If you are not fully vaccinated, you are obviously taking a huge risk travelling to the likes of Spain and France after testing positive. You will be detained at the border or put into quarantine, at your own cost. But even fully vaccinated travellers should be wary of ignoring a diagnosis. Most countries still require you to complete some form of health declaration form, which will include questions about whether you’ve ever had the virus and how recently.
Providing false information on these forms could constitute a criminal offence. If you were, for example, picked out for random testing at the airport and it turned out positive, or fell seriously ill with COVID and needed medical attention, questions might be asked about your health declaration. You could find yourself facing a fine for providing false information.
Make sure you are fully up to speed with the entry requirements of your destination country by checking the FCDO website, including looking out for recent changes.
You could be breaking the terms and conditions of your travel company
Regardless of national laws, airlines, tour operators, travel agencies, accommodation providers and any other companies involved in providing travel and tourism services are allowed to set their own policies around COVID.
An airline, for example, might have clauses in its terms and conditions which place an obligation on travellers to declare a positive COVID test. Not doing so would constitute a breach of contact. They would be entitled to cancel the transaction, which might leave you without a return ticket. Or even take legal action against you, perhaps on the grounds of endangering staff.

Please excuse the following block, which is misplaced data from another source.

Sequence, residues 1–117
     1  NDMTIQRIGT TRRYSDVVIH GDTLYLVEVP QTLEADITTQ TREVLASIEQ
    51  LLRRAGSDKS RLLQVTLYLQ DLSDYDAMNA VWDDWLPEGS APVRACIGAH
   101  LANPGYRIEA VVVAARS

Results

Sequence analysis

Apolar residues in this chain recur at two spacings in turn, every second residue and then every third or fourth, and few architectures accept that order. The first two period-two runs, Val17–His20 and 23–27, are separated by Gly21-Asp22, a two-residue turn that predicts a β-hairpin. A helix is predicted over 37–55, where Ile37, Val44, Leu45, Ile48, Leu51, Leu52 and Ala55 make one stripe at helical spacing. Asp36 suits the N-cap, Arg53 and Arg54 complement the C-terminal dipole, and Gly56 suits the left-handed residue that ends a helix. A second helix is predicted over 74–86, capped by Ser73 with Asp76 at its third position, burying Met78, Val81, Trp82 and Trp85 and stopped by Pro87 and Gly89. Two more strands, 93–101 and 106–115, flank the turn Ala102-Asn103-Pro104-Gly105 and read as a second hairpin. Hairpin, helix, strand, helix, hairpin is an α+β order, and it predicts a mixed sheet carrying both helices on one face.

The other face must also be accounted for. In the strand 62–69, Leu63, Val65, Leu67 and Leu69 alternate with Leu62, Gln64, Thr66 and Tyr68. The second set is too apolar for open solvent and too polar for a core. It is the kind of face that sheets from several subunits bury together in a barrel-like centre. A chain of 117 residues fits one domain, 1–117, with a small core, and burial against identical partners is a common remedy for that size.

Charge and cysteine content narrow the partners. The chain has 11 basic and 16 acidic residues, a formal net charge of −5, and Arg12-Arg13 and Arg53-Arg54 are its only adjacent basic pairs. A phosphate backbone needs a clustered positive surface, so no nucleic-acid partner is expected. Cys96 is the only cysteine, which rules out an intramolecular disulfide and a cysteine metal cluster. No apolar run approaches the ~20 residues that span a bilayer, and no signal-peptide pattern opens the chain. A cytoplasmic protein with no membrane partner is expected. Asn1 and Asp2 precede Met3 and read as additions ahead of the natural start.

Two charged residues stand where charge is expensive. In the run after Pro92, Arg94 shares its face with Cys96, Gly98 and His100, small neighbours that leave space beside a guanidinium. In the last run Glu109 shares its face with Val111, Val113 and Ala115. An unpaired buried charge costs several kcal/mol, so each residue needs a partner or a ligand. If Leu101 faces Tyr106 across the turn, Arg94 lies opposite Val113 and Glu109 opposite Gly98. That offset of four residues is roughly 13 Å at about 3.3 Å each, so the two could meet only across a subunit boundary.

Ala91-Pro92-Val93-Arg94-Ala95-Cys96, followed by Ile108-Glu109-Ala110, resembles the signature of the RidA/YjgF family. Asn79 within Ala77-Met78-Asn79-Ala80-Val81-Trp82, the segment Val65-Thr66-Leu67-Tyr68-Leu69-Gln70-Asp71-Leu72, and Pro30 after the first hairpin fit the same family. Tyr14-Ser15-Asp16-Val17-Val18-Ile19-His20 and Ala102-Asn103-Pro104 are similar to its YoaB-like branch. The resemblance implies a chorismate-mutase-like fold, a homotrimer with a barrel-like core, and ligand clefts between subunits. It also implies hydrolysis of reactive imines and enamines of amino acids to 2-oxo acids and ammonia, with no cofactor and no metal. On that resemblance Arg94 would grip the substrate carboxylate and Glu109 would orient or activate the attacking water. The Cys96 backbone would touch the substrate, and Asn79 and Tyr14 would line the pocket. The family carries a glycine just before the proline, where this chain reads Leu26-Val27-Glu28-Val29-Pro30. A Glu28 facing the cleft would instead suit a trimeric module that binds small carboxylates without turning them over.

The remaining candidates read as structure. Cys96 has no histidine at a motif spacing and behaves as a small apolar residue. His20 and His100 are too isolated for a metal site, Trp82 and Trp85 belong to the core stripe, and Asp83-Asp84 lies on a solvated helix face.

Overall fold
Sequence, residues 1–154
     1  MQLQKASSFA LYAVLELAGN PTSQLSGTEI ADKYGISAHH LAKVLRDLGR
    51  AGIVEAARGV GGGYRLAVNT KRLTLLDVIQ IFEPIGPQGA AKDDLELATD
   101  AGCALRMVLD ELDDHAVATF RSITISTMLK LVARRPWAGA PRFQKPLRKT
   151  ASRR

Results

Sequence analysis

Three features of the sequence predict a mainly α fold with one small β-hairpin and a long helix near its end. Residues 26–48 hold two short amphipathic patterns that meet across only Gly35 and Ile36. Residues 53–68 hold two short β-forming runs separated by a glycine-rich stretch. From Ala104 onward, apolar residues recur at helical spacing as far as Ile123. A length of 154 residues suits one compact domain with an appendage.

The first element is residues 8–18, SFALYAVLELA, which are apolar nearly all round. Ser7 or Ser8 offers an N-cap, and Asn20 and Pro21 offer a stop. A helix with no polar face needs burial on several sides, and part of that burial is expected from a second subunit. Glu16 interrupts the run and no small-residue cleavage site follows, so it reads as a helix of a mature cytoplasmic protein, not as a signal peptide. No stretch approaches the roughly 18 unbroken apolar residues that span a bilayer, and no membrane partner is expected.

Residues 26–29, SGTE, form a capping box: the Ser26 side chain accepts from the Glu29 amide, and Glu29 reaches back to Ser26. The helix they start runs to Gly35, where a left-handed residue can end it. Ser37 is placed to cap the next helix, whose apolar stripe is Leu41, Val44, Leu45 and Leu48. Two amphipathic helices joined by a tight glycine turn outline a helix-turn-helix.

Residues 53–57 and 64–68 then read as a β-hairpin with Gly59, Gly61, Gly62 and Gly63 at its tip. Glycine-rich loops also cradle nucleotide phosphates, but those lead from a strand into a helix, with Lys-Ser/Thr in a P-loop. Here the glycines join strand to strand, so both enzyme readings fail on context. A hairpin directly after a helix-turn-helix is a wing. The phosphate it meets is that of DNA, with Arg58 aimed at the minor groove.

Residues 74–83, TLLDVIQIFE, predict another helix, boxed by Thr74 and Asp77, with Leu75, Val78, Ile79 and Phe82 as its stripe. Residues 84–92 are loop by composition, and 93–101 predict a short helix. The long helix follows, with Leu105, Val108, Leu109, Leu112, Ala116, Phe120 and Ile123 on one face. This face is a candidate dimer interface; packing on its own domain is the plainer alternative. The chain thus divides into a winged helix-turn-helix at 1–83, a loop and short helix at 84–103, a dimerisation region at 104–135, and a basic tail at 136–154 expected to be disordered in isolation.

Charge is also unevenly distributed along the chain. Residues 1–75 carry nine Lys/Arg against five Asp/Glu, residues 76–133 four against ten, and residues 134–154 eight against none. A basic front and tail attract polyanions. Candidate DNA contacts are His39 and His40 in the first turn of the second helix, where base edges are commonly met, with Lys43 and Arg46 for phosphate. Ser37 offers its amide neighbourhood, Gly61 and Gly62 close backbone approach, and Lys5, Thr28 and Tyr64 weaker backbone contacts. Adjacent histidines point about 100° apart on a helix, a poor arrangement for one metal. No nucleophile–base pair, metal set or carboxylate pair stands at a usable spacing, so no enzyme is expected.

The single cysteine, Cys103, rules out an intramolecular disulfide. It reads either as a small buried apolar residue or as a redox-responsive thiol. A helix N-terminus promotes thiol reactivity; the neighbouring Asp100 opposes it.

One little-known example that could nonetheless have repercussions for thousands of travellers is that Airbnb has a policy that states no guest should check into a property if they have tested positive for COVID-19 in the previous 30 days. So even if you have fully recovered and are testing negative, you are technically still breaking AirBnB’s policies. The company has said it will cancel the accounts of anyone suspected of breaking this condition.
You could invalidate your travel insurance
One final reason to be very wary of hiding a positive COVID test is that it is likely to invalidate your travel insurance. Like other travel companies, insurers are entitled to set their own terms and conditions around COVID diagnoses.
From an insurer’s point of view, whether you have COVID-19 when you travel or not has a direct impact on your likelihood to make a claim. If you fall ill enough to need medical treatment while abroad, for example, you would be charged. In the normal course of things, you would claim against your insurance to cover those costs.
It’s important to check the policy wording carefully. First of all, you will not automatically be covered for COVID-19 – it must be specifically mentioned in the policy schedule. Many insurers will not provide you with cover if you are not fully vaccinated, and not declaring that you are not would invalidate any claim. Likewise, check the small print on how and when you have to confirm any positive test. Not doing so will also result in your cover being void.